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Life Sciences - Health - 20.11.2020
Gut-brain axis influences multiple sclerosis
Gut-brain axis influences multiple sclerosis
A Basel-led international research team has discovered a connection between the intestinal flora and sites of inflammation in the central nervous system in multiple sclerosis. A specific class of immune cell plays a central role in this newly identified gut-brain axis. The discovery could pave the way for new treatments for MS that target the intestinal flora.

Life Sciences - Chemistry - 20.11.2020
A biochemical random number
A biochemical random number
Scientists have generated a huge true random number using DNA synthesis. It is the first time that a number of this magnitude has been created by biochemical means. True random numbers are required in fields as diverse as slot machines and data encryption. These numbers need to be truly random, such that they cannot even be predicted by people with detailed knowledge of the method used to generate them.

Life Sciences - Environment - 18.11.2020
Cichlid fishes from African Lake Tanganyika shed light on how organismal diversity arises
Cichlid fishes from African Lake Tanganyika shed light on how organismal diversity arises
Lake Tanganyika in Africa is a true hotspot of organismal diversity. Approximately 240 species of cichlid fishes have evolved in this lake in less than 10 million years. A research team from the University of Basel has investigated this phenomenon of -explosive speciation- and provides new insights into the origins of biological diversity, as they report in the journal -Nature-.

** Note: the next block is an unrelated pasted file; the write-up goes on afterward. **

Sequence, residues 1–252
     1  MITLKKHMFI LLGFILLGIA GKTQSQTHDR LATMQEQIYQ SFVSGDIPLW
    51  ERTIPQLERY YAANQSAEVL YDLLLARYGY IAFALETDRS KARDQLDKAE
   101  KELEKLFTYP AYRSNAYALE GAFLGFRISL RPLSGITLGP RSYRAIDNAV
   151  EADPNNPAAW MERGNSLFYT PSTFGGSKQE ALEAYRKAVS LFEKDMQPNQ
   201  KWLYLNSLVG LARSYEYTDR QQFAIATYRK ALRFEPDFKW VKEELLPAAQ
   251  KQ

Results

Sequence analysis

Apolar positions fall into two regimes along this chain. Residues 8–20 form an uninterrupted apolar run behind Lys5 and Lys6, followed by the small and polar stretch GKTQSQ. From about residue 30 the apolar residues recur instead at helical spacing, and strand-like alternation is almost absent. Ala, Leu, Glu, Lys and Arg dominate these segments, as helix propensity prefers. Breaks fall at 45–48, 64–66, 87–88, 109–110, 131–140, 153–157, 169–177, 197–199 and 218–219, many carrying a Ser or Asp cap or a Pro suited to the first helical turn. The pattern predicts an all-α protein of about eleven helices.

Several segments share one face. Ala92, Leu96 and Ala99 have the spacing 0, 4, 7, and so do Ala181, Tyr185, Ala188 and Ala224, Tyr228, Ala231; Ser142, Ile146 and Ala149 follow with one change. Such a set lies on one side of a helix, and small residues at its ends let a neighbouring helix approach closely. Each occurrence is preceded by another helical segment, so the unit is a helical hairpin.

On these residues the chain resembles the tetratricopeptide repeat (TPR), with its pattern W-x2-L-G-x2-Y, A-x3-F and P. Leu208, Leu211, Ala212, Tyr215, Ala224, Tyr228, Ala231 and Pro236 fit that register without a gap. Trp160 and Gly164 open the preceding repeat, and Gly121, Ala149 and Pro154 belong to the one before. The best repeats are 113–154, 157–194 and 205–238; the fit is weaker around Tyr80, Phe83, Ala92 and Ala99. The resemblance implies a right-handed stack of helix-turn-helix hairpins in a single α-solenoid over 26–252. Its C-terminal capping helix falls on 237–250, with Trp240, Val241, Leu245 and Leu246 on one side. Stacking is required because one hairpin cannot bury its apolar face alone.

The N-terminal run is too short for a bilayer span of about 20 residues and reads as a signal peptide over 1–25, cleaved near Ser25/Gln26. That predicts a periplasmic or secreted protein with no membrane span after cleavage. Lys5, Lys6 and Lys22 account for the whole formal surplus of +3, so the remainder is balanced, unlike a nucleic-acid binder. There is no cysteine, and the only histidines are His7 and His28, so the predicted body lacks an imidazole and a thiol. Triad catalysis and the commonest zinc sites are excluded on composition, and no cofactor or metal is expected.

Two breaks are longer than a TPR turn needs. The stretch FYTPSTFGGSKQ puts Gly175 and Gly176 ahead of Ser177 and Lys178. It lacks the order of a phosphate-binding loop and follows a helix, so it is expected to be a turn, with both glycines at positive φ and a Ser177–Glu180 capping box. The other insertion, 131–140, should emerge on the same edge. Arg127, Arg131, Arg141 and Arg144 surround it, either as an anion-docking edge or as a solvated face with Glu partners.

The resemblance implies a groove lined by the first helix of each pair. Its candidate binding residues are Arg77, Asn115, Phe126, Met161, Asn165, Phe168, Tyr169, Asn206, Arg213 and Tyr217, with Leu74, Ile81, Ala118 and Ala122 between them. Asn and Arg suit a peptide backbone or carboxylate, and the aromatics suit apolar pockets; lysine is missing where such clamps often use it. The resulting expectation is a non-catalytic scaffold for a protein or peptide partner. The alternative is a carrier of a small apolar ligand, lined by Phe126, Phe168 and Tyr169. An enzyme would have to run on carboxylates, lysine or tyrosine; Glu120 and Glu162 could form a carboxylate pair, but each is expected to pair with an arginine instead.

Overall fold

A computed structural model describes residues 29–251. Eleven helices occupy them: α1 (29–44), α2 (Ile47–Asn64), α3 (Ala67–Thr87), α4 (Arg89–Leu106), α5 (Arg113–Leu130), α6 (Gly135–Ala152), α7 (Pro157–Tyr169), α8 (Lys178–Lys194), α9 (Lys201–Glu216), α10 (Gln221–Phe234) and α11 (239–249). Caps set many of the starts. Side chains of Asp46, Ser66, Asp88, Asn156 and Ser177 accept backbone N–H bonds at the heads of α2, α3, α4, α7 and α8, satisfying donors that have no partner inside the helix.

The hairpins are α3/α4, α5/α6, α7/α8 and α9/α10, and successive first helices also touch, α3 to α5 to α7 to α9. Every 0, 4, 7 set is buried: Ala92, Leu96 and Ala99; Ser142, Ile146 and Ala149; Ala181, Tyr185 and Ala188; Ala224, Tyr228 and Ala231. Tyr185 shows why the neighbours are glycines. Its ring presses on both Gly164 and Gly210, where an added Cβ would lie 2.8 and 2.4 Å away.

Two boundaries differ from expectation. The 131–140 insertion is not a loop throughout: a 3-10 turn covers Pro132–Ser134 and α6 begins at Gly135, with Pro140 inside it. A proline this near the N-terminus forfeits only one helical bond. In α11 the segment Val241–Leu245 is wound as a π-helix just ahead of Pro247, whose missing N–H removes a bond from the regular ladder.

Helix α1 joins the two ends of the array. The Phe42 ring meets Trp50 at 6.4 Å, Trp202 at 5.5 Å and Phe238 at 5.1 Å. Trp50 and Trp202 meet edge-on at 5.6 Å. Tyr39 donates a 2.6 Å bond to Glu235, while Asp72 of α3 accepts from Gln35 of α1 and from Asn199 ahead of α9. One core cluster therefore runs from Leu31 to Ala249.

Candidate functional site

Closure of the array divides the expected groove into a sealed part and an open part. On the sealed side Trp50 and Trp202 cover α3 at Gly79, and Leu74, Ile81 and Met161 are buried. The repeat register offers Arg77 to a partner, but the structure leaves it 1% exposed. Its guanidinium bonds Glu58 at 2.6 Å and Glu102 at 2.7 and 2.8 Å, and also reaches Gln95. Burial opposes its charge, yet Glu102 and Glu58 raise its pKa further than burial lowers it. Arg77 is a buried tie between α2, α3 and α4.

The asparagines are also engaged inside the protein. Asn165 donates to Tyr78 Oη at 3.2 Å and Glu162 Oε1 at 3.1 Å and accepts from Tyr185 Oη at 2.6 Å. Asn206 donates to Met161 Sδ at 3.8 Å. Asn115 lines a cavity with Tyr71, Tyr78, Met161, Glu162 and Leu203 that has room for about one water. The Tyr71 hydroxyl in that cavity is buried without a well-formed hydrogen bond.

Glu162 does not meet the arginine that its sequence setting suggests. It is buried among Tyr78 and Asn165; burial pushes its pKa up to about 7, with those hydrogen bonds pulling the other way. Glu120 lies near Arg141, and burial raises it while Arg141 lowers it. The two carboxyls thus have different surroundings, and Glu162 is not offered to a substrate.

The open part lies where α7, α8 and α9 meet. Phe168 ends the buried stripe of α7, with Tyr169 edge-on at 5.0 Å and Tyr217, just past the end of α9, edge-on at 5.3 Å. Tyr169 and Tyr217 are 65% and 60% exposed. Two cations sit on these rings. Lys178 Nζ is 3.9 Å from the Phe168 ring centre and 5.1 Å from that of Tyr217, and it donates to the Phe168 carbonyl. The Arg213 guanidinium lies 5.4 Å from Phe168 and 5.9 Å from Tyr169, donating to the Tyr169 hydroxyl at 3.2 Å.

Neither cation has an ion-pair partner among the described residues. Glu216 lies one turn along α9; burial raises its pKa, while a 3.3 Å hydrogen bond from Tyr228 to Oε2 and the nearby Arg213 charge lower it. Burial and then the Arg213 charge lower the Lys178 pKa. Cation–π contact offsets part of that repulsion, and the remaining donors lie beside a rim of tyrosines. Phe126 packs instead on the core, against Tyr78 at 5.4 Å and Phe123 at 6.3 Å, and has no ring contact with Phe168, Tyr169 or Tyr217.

Life Sciences - Paleontology - 18.11.2020
Prehistoric Shark Hid Its Largest Teeth
Prehistoric Shark Hid Its Largest Teeth
Some, if not all, early sharks that lived 300 to 400 million years ago not only dropped their lower jaws downward but rotated them outwards when opening their mouths. This enabled them to make the best of their largest, sharpest and inward-facing teeth when catching prey, paleontologists at the Universities of Zurich and Chicago have now shown using CT scanning and 3D printing.

Life Sciences - Health - 16.11.2020
Link between Alzheimer's disease and gut microbiota is confirmed
Link between Alzheimer’s disease and gut microbiota is confirmed
Swiss and Italian scientists prove a correlation between gut microbiota and the appearance of amyloid plaques in the brain, typical of Alzheimer's disease. Alzheimer's disease is the most common cause of dementia. Still incurable, it directly affects nearly one million people in Europe, and indirectly millions of family members as well as society as a whole.

Health - Life Sciences - 13.11.2020
Viruses that heal
At its annual event yesterday, the University Medicine Zurich initiative presented its new flagship project ImmunoPhage: a groundbreaking endeavor that aims to develop bacteriophages for treating urinary tract infections. Bacteriophages are highly specialized viruses that attack and destroy bacteria.

Environment - Life Sciences - 12.11.2020
Applying environmental genomics to coral conservation
Applying environmental genomics to coral conservation
Coral reefs are extremely sensitive to temperature, making them particularly vulnerable to the effects of climate change. But some corals seem able to adapt. Researchers from EPFL and the French National Research Institute for Sustainable Development (IRD) studied a reef in New Caledonia, combining approaches from environmental science and genomics to characterize their adaptive potential and develop targeted conservation strategies.